“Shh, it’s a Secret!” (The Not-So-Quiet Delta IV Heavy Launch)

Thu, Dec 17, 2020 at 10:35AM

By Jason Schreiner, Planetarium Coordinator

 

Image credit: Seth Mayo/MOAS

Image credit: Seth Mayo/MOAS

 

Pssst. Hey, you. Yeah, you. Wanna hear about a secret spy satellite mission? A classified payload that launches aboard one of the loudest and brightest man-made objects on Earth? Okay, so maybe it’s only partly secretive.

On a clear, calm Thursday evening, December 10th, a United Launch Alliance Delta IV Heavy rocket sliced through the dark skies above pad 37B at Cape Canaveral. Three liquid hydrogen/liquid oxygen fueled RS-68A engines produced 51 million horsepower to lift the 235 foot tall vehicle, ULA’s largest and most powerful of their fleet. With a slow, rumbling, thundering ignition, the monstrous rocket climbed high into the air, before rolling east and accelerating away over the Atlantic Ocean, destination unknown.

 



NROL-44 Launch Through a Telescope: https://bit.ly/NROL-44Launch

Video Credit: Seth Mayo/MOAS

 
 

The Lohman Planetarium crew, Seth Mayo and Jason Schreiner, captured the launch of the NROL-44 mission through one of our 8-inch Cassegrain telescopes on Thursday, December 10th. Filmed only 1.6 miles away from the SLC-37 launchpad at the Cape Canaveral Space Force Station, the slow-motion footage illustrates the power of the three engine cores of the United Launch Alliance Delta IV Heavy rocket as it lifted a secret payload into space for the U.S. National Reconnaissance Office.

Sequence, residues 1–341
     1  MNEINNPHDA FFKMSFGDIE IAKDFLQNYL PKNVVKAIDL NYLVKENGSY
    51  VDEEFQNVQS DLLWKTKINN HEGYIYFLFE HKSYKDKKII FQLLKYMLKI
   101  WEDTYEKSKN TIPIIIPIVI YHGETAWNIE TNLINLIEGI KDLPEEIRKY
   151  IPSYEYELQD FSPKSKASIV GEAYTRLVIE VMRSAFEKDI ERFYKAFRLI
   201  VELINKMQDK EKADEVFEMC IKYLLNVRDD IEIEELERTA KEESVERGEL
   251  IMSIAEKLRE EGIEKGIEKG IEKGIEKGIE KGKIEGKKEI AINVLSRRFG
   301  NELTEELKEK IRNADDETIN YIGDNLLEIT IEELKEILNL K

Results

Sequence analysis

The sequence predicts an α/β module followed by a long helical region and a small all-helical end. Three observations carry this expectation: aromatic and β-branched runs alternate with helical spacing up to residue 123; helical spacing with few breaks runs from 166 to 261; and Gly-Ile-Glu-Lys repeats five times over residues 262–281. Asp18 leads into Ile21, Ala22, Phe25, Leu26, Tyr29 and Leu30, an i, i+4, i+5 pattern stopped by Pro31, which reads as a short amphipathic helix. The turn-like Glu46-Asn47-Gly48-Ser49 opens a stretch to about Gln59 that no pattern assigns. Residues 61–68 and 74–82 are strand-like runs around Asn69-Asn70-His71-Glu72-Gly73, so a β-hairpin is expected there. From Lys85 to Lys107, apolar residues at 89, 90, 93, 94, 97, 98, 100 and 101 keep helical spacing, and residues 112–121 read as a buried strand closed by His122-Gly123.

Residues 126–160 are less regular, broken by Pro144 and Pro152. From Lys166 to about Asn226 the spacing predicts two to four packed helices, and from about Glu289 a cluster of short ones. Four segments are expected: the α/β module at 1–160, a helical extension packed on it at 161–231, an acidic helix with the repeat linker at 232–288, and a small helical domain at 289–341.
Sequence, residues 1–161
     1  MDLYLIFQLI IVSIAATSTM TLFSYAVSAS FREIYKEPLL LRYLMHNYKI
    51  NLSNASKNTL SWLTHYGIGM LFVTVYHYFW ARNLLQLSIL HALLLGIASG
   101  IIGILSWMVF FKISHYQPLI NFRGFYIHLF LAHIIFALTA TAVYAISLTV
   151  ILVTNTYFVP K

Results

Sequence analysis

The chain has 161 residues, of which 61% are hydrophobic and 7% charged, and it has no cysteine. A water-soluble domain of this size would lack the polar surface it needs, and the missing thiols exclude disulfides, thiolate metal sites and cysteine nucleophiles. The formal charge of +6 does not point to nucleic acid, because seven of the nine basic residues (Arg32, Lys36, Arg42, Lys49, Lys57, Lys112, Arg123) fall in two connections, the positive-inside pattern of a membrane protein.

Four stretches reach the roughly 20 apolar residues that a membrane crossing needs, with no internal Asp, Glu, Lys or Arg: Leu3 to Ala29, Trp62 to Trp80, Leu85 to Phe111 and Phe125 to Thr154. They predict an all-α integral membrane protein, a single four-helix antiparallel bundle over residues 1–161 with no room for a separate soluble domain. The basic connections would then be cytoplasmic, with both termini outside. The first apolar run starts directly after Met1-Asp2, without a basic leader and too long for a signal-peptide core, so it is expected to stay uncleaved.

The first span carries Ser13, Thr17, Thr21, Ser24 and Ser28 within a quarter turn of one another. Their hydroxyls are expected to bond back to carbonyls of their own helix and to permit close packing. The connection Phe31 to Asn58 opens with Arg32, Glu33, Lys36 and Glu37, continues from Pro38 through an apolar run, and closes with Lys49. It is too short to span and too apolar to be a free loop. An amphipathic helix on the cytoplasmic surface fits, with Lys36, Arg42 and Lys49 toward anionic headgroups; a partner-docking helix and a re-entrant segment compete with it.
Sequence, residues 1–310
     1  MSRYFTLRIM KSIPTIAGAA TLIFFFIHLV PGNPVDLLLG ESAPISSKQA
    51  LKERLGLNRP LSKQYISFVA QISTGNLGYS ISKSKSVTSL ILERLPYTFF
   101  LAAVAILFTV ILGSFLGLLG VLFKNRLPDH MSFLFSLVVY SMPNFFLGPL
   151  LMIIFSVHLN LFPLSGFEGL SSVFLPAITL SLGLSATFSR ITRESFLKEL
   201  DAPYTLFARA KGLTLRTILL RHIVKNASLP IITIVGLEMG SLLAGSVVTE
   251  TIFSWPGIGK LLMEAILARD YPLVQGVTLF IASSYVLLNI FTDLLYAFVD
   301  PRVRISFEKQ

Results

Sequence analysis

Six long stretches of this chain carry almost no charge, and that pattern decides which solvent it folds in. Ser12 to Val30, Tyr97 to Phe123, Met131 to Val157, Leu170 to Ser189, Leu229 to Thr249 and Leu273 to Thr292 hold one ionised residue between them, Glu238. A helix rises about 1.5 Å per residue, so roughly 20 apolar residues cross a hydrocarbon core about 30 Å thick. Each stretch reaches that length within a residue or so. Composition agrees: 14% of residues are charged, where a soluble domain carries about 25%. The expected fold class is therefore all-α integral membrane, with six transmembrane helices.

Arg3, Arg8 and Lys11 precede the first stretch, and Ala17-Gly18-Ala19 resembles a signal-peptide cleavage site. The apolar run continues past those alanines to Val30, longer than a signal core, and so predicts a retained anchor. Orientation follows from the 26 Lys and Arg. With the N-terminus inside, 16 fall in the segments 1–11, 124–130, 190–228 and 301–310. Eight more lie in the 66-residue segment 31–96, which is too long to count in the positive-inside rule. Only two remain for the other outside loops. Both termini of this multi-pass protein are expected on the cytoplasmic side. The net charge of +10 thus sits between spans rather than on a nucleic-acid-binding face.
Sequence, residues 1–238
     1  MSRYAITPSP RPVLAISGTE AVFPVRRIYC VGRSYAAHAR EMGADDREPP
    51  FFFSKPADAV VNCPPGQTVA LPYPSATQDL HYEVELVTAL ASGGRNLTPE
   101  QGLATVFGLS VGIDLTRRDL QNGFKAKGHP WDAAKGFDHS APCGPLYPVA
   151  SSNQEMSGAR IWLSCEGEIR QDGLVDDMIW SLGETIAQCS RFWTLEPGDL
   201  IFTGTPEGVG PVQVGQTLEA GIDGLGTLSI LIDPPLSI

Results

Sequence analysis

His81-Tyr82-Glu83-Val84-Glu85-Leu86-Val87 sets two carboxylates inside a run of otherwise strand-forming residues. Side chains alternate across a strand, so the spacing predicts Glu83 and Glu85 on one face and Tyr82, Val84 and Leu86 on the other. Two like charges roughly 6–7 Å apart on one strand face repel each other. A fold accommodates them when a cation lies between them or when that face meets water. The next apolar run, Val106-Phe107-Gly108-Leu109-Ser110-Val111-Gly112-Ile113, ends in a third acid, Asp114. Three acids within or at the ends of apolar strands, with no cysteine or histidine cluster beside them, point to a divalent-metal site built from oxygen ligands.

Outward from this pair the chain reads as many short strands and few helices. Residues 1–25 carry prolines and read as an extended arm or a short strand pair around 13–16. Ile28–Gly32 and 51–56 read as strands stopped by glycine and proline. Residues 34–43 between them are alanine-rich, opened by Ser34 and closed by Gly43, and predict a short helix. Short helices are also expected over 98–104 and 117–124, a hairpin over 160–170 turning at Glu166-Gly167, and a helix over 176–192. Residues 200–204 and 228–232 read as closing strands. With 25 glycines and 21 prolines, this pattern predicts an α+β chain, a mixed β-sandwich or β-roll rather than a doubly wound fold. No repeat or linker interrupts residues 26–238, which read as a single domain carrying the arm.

While there’s no hiding the launch itself, the final trajectory and the payload are subject to a large degree of speculation. However, we can use gathered information from past missions and known launch parameters from this launch to make some educated guesses about the cargo being delivered to space.  

The classified mission, dubbed National Reconnaissance Office Launch 44, is shrouded in mystery like other NROL projects, but that hasn’t stopped intrepid amateur astronomers from observing previous satellites. Because of the immense power produced by the Delta IV Heavy rocket, we can assume it was needed to propel a massive payload. In fact, we believe the spacecraft was one of the heaviest and largest classes of satellites, the Orion. Seven of these signals intelligence (SIGINT) satellites have previously been deployed from Cape Canaveral, dating back to 1995. The orbital energy of a hulking Delta IV Heavy can be used to fling a lightweight spacecraft into a fast and far-away trajectory (Good Speed, Parker Solar Probe! (moas.org)), or in this case, to push a bulky satellite into a nearby, Earthbound orbit. Once these 11,000lb spacecraft are fully deployed in geostationary orbit, they occupy an area roughly the size of a football field, spreading their radio reflecting dishes to a diameter in excess of 330 feet.   

There are no publicly available pictures of the Orions, so we’ll have to settle for a diagram. Once launched, the only way to spot these satellites is with night sky imagery. During a long exposure astrophotography picture, stars will leave streaks as the Earth rotates. However, any geostationary objects in orbit will remain sharp pinpoints, as they hold position above a given land area.